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16 November 2005


Terry Hume

Following the announcement that SOAS are to sell its investments in arms companies, there has been a campaign to form a student activist netork committed to CAAT's Clean Investment campaign, and to raise awareness of the issues raised in the report published by the Scientists for Global Responsibility called Soldiers in the Laboratory. Should you be involved in a campaign or intend to initiate one at your university, please contact the National Union for Responsible and Sustainable Education at [email protected] so that we can establish the extent of awareness and participation. Yours Kindly, Terry Hume


From The Muslim Weekly:

SOAS drops arms investment, 66 other universities still to go

by Fuad Ali

After finding itself up against fierce criticism, the School of Oriental and African Studies (SOAS) has announced the selling of all their investment shares in arms companies.

A research by the Committee Against Arms Trade (CAAT) last week showed that at least another sixty six British universities are investing money in the arms trade industry.

The study focused on six arms companies all of which are based in the UK. These companies are BAE Systems - the UK’s dominant arms exporting company, VT Group, Rolls Royce, Smiths Group, Cobham and GKN.

On Tuesday morning SOAS’ Director of Finance and Administration, Andrew Keeble, issued an email to staff announcing that, ‘alerted by an article in the London Student of 1 November...instructions have been issued to dispose of the School’s holdings in defence stocks. ‘He added that SOAS’ investment committee ‘is to consider a draft ethical investment policy at its next meeting’.

CAAT campaigner Tim Street, expressed his delight at the school’s decision and urged others to follow suite by adopting an ethical investing policy. "We’re delighted about SOAS’ decision. Their investments funded a trade fuelling conflict zones across Africa and Asia, threatening SOAS’ reputation as a centre for internationalism and progress in these regions.

"SOAS’ move also presents a major challenge to the 66 other British universities and colleges currently investing in the arms trade: it is becoming harder for them to argue that such divestment is legally difficult - and harder for them to answer the tough ethical questions being asked by staff and students."

Dr Graham Dyer, President of SOAS AUT branch, said: "This murderous trade has ravaged countries across Asia and Africa, with British companies touting some Ј4 billion worth of lethal weaponry around the globe. Universities have no business supporting these killers. SOAS staff and students have played their part in making the arms trade history."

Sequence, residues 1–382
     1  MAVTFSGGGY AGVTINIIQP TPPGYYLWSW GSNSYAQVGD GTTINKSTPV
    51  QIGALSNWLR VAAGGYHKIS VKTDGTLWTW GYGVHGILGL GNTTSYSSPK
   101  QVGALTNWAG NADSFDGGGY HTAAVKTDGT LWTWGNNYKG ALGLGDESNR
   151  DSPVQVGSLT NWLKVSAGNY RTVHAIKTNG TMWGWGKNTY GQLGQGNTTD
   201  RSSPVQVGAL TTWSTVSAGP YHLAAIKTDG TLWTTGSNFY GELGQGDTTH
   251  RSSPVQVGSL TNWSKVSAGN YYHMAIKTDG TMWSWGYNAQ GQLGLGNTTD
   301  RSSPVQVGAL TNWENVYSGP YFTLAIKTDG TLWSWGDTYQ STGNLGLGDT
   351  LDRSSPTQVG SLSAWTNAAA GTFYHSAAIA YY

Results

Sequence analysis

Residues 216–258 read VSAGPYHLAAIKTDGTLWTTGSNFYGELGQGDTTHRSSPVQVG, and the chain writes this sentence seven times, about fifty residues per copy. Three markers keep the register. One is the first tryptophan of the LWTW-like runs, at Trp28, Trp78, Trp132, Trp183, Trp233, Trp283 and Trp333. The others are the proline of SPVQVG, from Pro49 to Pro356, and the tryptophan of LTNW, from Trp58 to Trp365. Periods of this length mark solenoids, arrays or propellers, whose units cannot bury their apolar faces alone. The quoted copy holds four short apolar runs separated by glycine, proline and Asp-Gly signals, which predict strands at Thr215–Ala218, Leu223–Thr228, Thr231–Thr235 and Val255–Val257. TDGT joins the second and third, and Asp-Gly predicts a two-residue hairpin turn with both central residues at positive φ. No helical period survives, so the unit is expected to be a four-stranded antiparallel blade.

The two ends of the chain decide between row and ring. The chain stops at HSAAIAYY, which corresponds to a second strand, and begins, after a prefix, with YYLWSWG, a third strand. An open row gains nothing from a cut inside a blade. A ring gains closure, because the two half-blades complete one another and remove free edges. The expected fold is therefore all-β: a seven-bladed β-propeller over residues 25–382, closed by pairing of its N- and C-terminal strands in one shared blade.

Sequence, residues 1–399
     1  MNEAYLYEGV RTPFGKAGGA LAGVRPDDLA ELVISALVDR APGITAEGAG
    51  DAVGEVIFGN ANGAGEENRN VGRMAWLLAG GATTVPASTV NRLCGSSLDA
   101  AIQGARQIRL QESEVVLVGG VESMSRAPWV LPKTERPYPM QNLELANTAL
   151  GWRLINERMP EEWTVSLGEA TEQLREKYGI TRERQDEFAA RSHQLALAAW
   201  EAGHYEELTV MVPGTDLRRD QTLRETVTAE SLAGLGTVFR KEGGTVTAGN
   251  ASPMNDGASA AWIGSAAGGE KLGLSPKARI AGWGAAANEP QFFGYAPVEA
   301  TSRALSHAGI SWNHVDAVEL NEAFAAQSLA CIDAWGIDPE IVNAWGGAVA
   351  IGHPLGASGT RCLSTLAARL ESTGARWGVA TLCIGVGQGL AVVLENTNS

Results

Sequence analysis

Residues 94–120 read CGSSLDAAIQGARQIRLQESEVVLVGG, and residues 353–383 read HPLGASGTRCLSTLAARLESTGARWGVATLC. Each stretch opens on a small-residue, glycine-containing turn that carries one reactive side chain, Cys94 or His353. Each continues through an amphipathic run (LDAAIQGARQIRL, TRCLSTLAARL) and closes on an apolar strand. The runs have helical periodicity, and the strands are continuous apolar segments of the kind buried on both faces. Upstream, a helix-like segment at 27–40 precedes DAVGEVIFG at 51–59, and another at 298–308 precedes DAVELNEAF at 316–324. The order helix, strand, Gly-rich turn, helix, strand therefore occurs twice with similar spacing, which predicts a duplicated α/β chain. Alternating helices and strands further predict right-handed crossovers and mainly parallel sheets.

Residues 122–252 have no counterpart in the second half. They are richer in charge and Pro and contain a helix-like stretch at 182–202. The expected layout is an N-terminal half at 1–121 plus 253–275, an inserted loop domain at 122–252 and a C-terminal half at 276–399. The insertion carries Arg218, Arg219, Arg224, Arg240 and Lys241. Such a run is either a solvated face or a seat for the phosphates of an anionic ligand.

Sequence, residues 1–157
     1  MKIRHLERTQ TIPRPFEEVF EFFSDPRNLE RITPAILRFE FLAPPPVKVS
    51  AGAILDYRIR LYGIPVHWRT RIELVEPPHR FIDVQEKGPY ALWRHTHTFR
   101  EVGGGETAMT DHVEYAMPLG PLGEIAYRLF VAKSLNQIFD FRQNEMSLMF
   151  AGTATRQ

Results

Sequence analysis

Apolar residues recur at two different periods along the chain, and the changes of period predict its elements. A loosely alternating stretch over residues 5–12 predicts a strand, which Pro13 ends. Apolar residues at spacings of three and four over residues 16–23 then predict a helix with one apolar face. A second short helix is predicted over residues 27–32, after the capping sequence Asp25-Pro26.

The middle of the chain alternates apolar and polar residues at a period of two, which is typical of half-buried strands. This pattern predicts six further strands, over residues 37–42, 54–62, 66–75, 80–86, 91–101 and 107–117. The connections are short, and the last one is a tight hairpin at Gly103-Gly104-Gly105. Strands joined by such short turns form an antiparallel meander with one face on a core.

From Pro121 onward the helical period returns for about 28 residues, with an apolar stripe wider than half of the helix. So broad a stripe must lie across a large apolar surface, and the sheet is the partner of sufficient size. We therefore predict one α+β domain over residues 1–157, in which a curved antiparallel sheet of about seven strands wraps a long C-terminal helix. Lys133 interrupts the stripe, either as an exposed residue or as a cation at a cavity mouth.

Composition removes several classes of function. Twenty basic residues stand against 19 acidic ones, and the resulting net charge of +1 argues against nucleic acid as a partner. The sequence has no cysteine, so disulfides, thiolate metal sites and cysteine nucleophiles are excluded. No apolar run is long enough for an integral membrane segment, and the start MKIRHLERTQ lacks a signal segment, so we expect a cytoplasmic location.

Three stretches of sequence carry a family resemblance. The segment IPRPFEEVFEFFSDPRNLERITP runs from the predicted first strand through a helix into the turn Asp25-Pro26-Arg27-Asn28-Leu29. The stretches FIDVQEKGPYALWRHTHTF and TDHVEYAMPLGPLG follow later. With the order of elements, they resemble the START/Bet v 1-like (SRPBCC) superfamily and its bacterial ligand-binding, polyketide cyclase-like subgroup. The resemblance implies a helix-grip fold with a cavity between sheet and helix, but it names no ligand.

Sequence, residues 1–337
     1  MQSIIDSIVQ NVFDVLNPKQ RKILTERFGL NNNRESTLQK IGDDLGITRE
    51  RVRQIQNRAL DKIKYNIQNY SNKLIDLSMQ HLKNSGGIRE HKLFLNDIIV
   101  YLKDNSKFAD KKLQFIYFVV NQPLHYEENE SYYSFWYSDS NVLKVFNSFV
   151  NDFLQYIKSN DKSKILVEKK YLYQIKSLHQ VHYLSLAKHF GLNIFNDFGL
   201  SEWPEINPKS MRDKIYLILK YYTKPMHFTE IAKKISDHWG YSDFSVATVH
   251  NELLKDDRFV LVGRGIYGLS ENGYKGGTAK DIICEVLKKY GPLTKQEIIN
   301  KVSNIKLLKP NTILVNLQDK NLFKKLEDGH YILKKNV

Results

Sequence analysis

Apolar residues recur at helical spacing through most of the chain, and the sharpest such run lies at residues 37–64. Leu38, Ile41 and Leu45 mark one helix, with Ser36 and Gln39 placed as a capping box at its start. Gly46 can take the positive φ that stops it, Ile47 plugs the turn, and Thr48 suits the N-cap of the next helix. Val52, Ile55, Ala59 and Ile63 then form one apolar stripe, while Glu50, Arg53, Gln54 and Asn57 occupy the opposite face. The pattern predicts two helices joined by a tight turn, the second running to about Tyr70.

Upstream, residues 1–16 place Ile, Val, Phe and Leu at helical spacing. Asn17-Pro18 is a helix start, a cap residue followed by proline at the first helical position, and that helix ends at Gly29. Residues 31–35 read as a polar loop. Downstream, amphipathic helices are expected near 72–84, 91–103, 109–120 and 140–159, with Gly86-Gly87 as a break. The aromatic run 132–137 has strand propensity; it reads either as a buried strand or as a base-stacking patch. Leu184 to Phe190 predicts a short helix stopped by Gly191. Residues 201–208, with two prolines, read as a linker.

SOAS, in particular, found itself in a more acute position given its specialist standing and bearing in mind the unfavourable treatment handed out to Nasser Amin the SOAS Muslim student who wrote an article arguing the case for Palestinian right to arms.

Amin, who’s awaiting a formal hearing into he’s case, welcomed the decision but still has some reservations "Muslim students welcome SOAS’s decision to end its involvement with these companies. In the Middle East this meant helping to supply weapons to the Israeli army.

"It was the height of hypocrisy for the SOAS authorities to find my article defending the right of Palestinians to resist to be objectionable, while in effect assisting Zionist violence and colonisation. Muslims at the School felt threatened by these financial interests. We hope now that other anti-Muslim actions in SOAS will be taken seriously."

The "shameful" list of investors in the arms trade, which campaigners say sell weapons to some of the worst human rights abusers, is topped by the most prestigious of British educational institutions.

Cambridge and Oxford universities make up the top two investors, respectively. Some of their collages have the largest portfolios of shares in firms such as the BAE Systems and Smith Group both of whom supply military equipments and aircraft components used by the Israeli army against Palestinians.

The UK arms industry is subsidised by the government by around £890m per year. Last year the government licensed military exports to 13 out of the 20 countries it considers to be the worst human rights abusers in the world.



Muslim student forces college boss to back down


Written by Chaminda Jayanetti
Wednesday, 08 November 2006

A Muslim student has forced his university's former principal into an embarrassing climbdown after winning a long-running dispute over freedom of speech.

Following a year of wrangling, ex-SOAS head Colin Bundy has retracted his claim in spring 2005 that he had reprimanded student Nasser Amin over an article Amin had written.

A SOAS statement dated November 6th read: "Professor Bundy sincerely regrets … the reference on the School's website to the author of the article entitled 'When only violence will do' in the spring 2005 issue of the SOAS SU Spirit magazine. He further regrets the use of the word 'reprimand', which he acknowledges was inappropriate."

The row began whilst SOAS was engulfed by allegations of anti-Semitism in early 2005, with the student union barring an Israeli official from giving a speech and electing Ken Livingstone as honorary president in the wake of his verbal attack on a Jewish reporter.

Amin's article argued with regards to Palestinian terrorism that: 'Those that benefit from the immoral actions of a colonial state in which they have chosen to reside cannot be considered as innocent.'

The article sparked thunderous criticism from commentators such as Melanie Phillips, whilst American websites made death threats against him. Labour MP David Winnick called for him to be prosecuted.